Steven Paul Jobs (born February 24, 1955) is the co-founder and CEO of Apple and was the CEO of Pixar until its acquisition by Disney. He is currently the largest Disney shareholder and a member of Disney's Board of Directors. He is considered a leading figure in both the computer and entertainment industries.
Jobs' history in business has contributed greatly to the mythos of the quirky, individualistic Silicon Valley entrepreneur, emphasizing the importance of design while understanding the crucial role aesthetics play in public appeal. His work driving forward the development of products that are both functional and elegant has earned him a devoted following.
Together with Apple co-founder Steve Wozniak, Jobs helped popularize the personal computer in the late '70s. In the early '80s, still at Apple, Jobs was among the first to see the commercial potential of the mouse-driven GUI. After losing a power struggle with the board of directors in 1985, Jobs resigned from Apple and founded NeXT, a computer platform development company specializing in the higher education and business markets. NeXT's subsequent 1997 buyout by Apple brought Jobs back to the company he co-founded, and he has served as its chief executive officer since his return.
Steve Jobs was born in San Francisco to American Joanne Carole Schieble and Syrian Abdulfattah John Jandali, a graduate student who later became a political science professor. One week after birth, Jobs was put up for adoption by his unmarried mother, who was also in graduate school. He was adopted by Paul and Clara (ne Hagopian) Jobs of Mountain View, Santa Clara County, California. They gave him the name Steven Paul Jobs. His biological parents later married and gave birth to Jobs' sister, the novelist Mona Simpson, whom Jobs did not meet until they were adults. The marriage of his biological parents ended in divorce years later. Jobs dislikes hearing the "adoptive parents" appellation applied to Paul and Clara Jobs and refers to them as his only parents. He attended Cupertino Middle School and Homestead High School in Cupertino, California, and frequented after-school lectures at the Hewlett-Packard Company in Palo Alto, California. He was soon hired there and worked with Steve Wozniak as a summer employee. In 1972, Jobs graduated from high school and enrolled in Reed College in Portland, Oregon. Although he dropped out after only one semester, he continued auditing classes at Reed, such as one in calligraphy. "If I had never dropped in on that single course in college, the Mac would have never had multiple typefaces or proportionally spaced fonts," he said.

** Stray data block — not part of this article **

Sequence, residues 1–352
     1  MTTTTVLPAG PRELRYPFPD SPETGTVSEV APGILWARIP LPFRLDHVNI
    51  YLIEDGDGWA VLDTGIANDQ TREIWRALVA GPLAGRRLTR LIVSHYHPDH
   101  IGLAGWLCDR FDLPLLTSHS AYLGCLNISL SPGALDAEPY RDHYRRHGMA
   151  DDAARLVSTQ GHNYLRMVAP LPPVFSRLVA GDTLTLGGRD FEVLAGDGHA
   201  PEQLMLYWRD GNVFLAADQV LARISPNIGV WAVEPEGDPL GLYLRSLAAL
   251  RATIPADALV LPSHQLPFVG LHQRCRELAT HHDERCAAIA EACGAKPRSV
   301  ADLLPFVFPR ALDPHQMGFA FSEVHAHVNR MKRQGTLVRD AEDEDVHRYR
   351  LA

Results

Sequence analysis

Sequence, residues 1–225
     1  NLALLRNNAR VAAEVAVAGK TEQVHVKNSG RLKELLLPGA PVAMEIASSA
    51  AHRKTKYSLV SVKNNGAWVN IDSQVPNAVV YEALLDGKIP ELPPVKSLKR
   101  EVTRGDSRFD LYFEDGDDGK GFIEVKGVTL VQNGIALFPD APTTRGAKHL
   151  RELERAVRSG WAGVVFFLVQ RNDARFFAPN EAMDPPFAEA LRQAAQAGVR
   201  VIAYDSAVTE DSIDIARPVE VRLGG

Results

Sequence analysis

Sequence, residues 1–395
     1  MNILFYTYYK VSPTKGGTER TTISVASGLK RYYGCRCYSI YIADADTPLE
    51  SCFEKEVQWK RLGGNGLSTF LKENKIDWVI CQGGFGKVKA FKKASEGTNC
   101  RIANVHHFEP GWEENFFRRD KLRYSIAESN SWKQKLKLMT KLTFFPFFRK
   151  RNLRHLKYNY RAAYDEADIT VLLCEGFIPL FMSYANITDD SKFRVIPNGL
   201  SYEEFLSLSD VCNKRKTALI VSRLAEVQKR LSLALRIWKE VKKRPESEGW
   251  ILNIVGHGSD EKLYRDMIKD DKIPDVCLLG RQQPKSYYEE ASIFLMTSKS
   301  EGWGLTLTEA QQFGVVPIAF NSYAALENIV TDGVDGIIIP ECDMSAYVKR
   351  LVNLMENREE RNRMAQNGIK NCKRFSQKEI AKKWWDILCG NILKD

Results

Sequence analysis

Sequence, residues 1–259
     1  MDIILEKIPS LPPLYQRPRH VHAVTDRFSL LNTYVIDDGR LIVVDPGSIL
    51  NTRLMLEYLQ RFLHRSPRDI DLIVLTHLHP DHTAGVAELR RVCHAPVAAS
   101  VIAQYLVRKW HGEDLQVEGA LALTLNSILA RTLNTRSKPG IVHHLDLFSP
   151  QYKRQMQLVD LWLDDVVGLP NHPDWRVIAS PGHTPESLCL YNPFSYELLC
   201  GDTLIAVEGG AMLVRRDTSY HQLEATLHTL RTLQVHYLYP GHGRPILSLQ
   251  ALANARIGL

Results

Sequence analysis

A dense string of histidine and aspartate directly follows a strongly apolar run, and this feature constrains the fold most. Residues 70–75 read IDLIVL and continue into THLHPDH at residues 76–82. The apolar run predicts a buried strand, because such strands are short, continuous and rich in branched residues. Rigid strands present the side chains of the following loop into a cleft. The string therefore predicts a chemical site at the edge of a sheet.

In the autumn of 1974, Jobs returned to California and began attending meetings of the Homebrew Computer Club with Steve Wozniak. He took a job as a technician at Atari, a manufacturer of popular video games, with the primary intent of saving money for a spiritual retreat to India. During the 1960s, it had been discovered by phone phreakers (and popularized by John Draper) that a half taped-over toy-whistle included in every box of Cap'n Crunch breakfast cereal was able to reproduce the 2600 Hz supervision tone used by the AT&T long distance telephone system. After reading about it and later meeting with John Draper, Jobs and Wozniak went into business briefly in 1974 to build "blue boxes" that allowed illicit free long distance calls.
Jobs then backpacked around India with a Reed College friend (and, later, first Apple employee), Daniel Kottke, in search of philosophical enlightenment. He came back with his head shaved and wearing traditional Indian clothing. He returned to his previous job at Atari and was given the task of creating a circuit board for the game Breakout. According to Atari Founder Nolan Bushnell, Atari had offered $100 for each chip that was reduced in the machine. Jobs had little interest or knowledge in circuit board design and made a deal with Wozniak to split the bonus evenly between them if Wozniak could minimize the number of chips. Much to the amazement of Atari, Wozniak reduced the number of chips by 50, a design so tight that it was impossible to reproduce on an assembly line. At the time, Jobs told Wozniak that Atari had only given them $700 (instead of the actual $5000) and that Wozniak's share was thus $350.